Wednesday, November 18, 2020

Review: Lust Dupe

Lust Dupe Lust Dupe by Harry Whittington
My rating: 5 of 5 stars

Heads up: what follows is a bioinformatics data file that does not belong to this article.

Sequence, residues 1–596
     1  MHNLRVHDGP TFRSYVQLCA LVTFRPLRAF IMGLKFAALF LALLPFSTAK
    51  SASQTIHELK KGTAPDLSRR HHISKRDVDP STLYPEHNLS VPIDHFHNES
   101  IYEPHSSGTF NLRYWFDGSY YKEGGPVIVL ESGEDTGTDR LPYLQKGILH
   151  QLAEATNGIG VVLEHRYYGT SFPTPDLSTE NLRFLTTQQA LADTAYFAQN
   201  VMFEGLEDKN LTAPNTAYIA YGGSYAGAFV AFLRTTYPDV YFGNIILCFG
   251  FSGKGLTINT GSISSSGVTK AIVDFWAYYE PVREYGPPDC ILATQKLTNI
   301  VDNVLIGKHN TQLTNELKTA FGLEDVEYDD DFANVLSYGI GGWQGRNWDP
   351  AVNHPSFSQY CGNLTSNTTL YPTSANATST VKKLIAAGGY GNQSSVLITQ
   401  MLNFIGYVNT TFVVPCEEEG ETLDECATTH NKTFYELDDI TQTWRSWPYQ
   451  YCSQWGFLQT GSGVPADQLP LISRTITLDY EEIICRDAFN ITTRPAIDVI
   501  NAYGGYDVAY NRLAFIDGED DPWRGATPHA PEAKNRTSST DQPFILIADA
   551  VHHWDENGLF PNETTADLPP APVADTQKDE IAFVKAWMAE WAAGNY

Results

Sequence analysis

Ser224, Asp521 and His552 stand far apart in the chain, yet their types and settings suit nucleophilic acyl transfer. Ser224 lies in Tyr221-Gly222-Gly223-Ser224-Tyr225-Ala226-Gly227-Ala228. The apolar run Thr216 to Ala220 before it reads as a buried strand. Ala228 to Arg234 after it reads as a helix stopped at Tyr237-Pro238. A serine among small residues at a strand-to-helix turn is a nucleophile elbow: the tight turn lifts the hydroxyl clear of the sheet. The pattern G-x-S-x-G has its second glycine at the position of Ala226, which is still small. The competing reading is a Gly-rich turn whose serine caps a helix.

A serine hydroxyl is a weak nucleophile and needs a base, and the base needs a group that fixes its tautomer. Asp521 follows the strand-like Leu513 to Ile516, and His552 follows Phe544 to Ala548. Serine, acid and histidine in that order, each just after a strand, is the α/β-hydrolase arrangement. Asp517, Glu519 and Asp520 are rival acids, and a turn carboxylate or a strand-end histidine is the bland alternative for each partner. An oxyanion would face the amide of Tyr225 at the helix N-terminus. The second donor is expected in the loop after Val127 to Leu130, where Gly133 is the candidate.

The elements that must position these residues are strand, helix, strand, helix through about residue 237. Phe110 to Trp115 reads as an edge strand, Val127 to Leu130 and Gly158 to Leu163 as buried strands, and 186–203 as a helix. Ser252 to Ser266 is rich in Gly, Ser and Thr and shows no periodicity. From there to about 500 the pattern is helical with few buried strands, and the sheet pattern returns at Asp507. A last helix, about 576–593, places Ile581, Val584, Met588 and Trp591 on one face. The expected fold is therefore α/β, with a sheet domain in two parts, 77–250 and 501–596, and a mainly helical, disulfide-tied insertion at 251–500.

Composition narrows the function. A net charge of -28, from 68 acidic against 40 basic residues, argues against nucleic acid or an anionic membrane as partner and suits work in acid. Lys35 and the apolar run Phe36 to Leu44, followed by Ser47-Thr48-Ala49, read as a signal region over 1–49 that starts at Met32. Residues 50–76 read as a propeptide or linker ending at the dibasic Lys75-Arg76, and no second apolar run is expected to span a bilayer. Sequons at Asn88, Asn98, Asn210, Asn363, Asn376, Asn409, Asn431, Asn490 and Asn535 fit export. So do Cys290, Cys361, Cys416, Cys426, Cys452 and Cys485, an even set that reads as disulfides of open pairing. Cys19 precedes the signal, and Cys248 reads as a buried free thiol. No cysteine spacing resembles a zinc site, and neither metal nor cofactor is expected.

One of the famed "missing 38" vintage sleaze novels by Harry Whittington. To my sensibilities this is also a lost and waiting to be re-discovered noir masterpiece. Although different in style, it is on par with the best of Whittington's Gold Medal published noirs. There's plenty of action, but what drives this story is the inner turmoil, the "inside voice" of the noir characters. Jim Harper is a bank teller in a small mid-western town who is dying on the inside because of the future he imagines. Into the bank walks Nora "you look like you were made out of hundred dollar bills" Bayer. Jim's a goner. After she spends eight days decking and wrecking him he will do anything she wants. Cue the bank robbery, where a guard is killed and Jim is taken hostage by Nora and her two accomplices. The rest of the novel is delicious disintegration. Noir never offers a way out. The only question is how will these lives shatter and what damage will the shrapnel cause. This was written early in Whittington's run of 38 novels for Greenleaf/Corinth, before he was burnt out by the one novel per month pace, and it still has all the character development, plotting, and action that he put into his "mainstream" crime/noir novels. My sense is that perhaps, at least when he wrote this one, that he also felt freed by writing for the vintage sleaze market: he could give voice to these characters in a way that wouldn't pass the editorial gatekeepers at Fawcett. That's how it reads to me, anyway. Awesome noir. Tough to find, but well worth tracking down.

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